set loginterface dc0
  set timeout tcp.first 120 
  set timeout tcp.established 86400 
  set timeout { adaptive.start 6000, adaptive.end 12000 }

If the meaning of some of those do not seem terribly obvious to you at this point, that's fine. They are all extensively documented in the pf.conf man page.

Macros: Content that will expand in place, such as lists of services, interface names or other items you feel useful. Some examples along with rules that use them:

  ext_if = "kue0" 
  all_ifs = "{" $ext_if lo0 "}" 
  pass out on $ext_if from any to any 
  pass in  on $ext_if proto tcp from any to any port 25

Keep in mind that if your macros expand to lists of either ports or IP addresses, the macro expansion will create several rules to cover your definitions in the ruleset that is eventually loaded.

Tables: Data structures that are specifically designed to store IP addresses and networks. Originally devised to be a more efficient way to store IP addresses than macros that contained IP addresses and expanded to several rules that needed to be evaluated separately. Rules can refer to tables so the rule will match any member of the table.

  table <badhosts> persist counters file "/home/peter/badhosts"
  # ...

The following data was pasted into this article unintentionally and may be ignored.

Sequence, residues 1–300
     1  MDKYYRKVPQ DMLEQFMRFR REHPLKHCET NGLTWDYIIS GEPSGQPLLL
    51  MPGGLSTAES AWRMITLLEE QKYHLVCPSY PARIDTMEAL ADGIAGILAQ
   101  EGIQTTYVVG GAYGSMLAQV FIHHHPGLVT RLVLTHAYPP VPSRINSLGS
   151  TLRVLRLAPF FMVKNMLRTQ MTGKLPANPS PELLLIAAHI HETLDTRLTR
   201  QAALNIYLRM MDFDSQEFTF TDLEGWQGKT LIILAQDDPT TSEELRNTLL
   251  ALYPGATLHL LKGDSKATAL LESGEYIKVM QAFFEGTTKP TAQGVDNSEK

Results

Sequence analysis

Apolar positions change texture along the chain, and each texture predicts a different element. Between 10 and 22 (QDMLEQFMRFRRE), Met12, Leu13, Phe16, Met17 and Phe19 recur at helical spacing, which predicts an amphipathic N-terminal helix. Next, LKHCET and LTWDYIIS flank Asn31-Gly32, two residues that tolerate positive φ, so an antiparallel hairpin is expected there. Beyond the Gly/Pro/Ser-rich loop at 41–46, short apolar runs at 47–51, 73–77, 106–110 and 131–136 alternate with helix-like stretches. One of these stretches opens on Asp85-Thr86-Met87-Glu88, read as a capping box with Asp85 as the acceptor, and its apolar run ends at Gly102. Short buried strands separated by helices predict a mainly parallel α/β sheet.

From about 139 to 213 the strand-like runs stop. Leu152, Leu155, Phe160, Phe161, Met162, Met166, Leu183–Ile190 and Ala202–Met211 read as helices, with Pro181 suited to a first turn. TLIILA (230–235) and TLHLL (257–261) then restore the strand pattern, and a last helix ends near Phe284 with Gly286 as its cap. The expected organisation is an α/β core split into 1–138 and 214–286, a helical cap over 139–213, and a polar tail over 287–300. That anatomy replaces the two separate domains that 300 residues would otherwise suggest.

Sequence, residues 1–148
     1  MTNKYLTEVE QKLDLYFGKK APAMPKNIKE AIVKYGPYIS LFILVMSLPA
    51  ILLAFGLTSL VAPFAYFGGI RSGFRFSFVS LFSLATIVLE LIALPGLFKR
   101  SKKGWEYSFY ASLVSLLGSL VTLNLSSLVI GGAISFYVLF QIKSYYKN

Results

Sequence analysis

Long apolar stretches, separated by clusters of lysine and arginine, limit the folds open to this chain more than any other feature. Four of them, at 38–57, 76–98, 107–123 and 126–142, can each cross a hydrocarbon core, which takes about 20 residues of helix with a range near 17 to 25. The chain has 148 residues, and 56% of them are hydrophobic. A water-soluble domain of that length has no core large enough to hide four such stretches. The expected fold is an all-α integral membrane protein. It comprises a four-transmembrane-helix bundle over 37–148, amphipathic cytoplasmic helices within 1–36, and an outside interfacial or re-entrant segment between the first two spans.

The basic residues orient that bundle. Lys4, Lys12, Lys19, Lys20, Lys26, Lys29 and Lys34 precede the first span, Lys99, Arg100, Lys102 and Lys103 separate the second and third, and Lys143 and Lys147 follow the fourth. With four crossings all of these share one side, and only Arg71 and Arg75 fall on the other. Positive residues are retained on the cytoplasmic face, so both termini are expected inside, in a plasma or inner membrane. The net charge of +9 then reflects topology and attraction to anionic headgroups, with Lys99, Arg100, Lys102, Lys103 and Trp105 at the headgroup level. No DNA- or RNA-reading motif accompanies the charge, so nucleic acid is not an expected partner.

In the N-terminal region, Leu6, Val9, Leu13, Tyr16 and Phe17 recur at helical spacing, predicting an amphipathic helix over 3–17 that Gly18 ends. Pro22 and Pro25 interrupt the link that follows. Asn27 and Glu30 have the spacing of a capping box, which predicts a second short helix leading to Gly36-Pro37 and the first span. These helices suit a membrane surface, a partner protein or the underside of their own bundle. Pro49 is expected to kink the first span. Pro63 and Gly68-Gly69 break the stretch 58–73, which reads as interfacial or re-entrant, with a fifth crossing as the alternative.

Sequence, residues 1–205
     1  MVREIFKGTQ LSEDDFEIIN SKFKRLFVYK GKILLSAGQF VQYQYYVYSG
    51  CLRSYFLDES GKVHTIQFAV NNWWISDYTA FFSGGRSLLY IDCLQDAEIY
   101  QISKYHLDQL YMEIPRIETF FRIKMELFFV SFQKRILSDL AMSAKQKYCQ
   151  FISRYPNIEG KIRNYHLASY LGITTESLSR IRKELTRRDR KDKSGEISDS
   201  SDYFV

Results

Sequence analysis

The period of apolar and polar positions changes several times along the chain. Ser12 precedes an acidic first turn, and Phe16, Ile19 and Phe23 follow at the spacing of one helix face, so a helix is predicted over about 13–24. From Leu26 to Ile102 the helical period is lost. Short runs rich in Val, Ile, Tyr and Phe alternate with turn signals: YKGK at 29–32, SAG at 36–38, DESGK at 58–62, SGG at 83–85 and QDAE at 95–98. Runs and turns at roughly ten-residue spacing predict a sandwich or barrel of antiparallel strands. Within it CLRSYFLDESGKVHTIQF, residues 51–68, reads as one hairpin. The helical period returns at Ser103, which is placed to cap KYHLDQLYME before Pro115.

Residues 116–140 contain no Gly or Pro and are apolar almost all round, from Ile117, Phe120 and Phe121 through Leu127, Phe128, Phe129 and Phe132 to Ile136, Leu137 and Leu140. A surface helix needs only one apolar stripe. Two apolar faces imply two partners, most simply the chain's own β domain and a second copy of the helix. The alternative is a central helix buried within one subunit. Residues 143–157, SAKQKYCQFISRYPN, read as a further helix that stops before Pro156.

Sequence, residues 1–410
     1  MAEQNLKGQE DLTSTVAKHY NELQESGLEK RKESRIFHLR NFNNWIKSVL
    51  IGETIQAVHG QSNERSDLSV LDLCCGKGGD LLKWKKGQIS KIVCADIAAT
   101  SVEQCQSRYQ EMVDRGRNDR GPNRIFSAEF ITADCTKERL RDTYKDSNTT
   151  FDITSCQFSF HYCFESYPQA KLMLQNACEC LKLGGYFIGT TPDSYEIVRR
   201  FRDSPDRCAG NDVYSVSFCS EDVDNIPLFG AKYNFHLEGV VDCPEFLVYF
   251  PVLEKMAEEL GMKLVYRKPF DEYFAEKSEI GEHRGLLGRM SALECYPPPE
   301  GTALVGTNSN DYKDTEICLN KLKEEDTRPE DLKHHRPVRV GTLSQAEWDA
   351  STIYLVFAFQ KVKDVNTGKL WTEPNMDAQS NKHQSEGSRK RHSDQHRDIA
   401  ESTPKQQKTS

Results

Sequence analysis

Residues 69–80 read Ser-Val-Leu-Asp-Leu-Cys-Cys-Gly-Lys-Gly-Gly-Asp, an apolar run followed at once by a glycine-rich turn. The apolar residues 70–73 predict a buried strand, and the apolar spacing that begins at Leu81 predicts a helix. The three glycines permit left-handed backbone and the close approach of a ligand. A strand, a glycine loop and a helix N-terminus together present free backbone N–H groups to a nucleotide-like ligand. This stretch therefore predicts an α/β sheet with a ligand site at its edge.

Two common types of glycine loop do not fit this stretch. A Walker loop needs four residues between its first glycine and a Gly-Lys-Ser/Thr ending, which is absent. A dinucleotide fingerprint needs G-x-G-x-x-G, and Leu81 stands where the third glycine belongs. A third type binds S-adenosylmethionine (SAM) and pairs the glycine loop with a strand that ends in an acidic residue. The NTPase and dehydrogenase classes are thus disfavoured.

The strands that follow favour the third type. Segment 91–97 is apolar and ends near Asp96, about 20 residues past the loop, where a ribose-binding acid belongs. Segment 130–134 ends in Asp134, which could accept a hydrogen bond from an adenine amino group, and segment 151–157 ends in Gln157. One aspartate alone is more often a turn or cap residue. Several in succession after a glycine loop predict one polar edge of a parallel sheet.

block from <badhosts>

Here the table is loaded from a file. You can also initialize a table in pf.conf itself, and you can even manipulate table contents from the command line without reloading the rules:

$ doas pfctl -t badhosts -T add 2001:db8::dead:beef:baad:f00d

In addition, several of the daemons in the OpenBSD base system such as spamd, bgpd and dhcpd can be set up to interact with your PF rules.

Rules: The rules with the verbs, criteria and actions that determine how your system handles network traffic.

A very simple and reasonable baseline is one that blocks all incoming traffic but allows all traffic initiated on the local system:

  pass from (self)

The pass rule lets our traffic pass to elsewhere, and since PF is a stateful firewall by default, return traffic for the connections the local system sends out will be allowed back.

You probably noticed the configuration here references something called (self).

The string self is a default macro which expands to all configured local interfaces on the host. Here, self is set inside parentheses () which indicates that one or more of the interfaces in self may have dynamically allocated addresses and that PF will detect any changes in the configured interface IP addresses.

This exact ruleset expanded to this on my laptop in my home network at one point:

 $ doas pfctl -vnf /etc/pf.conf
   block drop all
   pass inet6 from ::1 to any flags S/SA
   pass on lo0 inet6 from fe80::1 to any flags S/SA
   pass on iwm0 inet6 from fe80::a2a8:cdff:fe63:abb9 to any flags S/SA
   pass inet6 from 2001:470:28:658:a2a8:cdff:fe63:abb9 to any flags S/SA
   pass inet6 from 2001:470:28:658:8c43:4c81:e110:9d83 to any flags S/SA
   pass inet from to any flags S/SA
   pass inet from to any flags S/SA

The pfctl command here says to verbosely parse but do not load rules from the file /etc/pf.conf.

This shows what the loaded ruleset will be, after any macro expansions or optimizations.

For that exact reason, it is strongly recommended to review the output of pfctl -vnf on any configuration you write before loading it as your running configuration.